I liked Sansour’s video because I think that might have been how conversations around my mother’s family table might have been when they first arrived at Istanbul. If you want to watch the video, it’s available here.
The other work I really liked – and found very amusing – was Siniša Labrović‘s Postgraduate Education. According to the Biennal Guide,
“Using different performative strategies Siniša Labrović challenges the limits of what is allowed, and the codependence between artist, audience and exhibition context. Postgraduate Education uses the rhetoric of self-help and ‘how to’ books, transferring it to the field of education. But this particular education teaches the ABC of typical criminal activities. The book is a continuation of Undergraduate Studies organized in 2008 in Zagreb as a series of workshops held by ‘experts’ from different fields of crime, with topics ranging from drug dealing and burglary, to ‘rules of conduct’ in criminal circles.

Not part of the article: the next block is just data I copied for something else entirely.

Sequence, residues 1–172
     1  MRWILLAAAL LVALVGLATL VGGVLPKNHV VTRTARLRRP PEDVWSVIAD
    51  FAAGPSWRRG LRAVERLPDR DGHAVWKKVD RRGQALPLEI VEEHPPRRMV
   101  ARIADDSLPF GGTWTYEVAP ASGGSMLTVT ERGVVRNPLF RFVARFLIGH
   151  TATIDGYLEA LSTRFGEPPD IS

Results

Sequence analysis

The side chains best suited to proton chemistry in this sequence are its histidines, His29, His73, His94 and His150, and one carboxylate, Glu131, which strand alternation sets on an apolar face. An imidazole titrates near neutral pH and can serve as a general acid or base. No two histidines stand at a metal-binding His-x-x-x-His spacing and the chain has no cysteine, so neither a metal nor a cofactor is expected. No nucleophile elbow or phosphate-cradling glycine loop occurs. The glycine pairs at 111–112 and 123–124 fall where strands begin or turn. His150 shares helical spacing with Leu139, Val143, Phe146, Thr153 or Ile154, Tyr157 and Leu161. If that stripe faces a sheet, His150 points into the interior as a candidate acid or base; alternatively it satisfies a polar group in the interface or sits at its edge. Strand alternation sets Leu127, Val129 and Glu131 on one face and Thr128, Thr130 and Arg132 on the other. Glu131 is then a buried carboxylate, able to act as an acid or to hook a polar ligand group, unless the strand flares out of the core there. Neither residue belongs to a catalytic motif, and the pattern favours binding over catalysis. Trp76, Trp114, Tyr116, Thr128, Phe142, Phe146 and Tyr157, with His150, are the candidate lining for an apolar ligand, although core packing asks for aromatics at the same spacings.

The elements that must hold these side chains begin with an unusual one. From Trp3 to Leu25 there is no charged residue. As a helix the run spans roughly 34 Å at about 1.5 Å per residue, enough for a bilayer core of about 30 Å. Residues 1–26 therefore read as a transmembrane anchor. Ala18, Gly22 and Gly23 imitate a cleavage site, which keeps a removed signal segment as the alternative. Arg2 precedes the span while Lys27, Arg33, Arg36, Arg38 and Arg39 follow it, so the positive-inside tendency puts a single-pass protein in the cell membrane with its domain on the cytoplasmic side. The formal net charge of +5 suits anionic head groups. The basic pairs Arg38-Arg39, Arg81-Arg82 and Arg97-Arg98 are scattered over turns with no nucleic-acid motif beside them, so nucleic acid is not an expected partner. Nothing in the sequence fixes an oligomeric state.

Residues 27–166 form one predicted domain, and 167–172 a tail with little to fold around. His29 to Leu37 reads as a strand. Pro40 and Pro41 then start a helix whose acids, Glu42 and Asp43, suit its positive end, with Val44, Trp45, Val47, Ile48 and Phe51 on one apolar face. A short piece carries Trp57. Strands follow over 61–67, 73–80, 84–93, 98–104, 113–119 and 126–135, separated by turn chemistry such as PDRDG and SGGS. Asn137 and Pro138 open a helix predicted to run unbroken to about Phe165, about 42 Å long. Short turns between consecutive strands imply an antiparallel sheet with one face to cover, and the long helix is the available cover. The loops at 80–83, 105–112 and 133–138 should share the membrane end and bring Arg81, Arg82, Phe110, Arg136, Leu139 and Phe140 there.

In the post-industrial context, Labrović challenges market and class demands for ‘life-long education’, which requires improvement in every aspect of the worker’s labour skills, and increasing ‘flexibility’. Commenting ironically on the increasingly blurred borders between business, politics and crime, the book offers an overview of different topics, ranging from debt collection and shoplifting to developing public-private partnerships, corruption and nepotism. The irony is taken to its extreme. The bold approach of Postgraduate Education follows the doctrine of the education system -preparing people for (more or less) successful servitude within the established systems, through opportunism, competition, deceitfulness, and highly structured rules of conduct. It suggests criminal behaviour as a prerequisite to both commercial and social success.”
I think you should see the text of Labrović’s work for yourself, it is really hilarious.
In the other Biennal venue I visited, the Tobacco Warehouse, I found the work of Vyacheslav Akhunov‘s work 1m2 very interesting. According to the Biennal guide,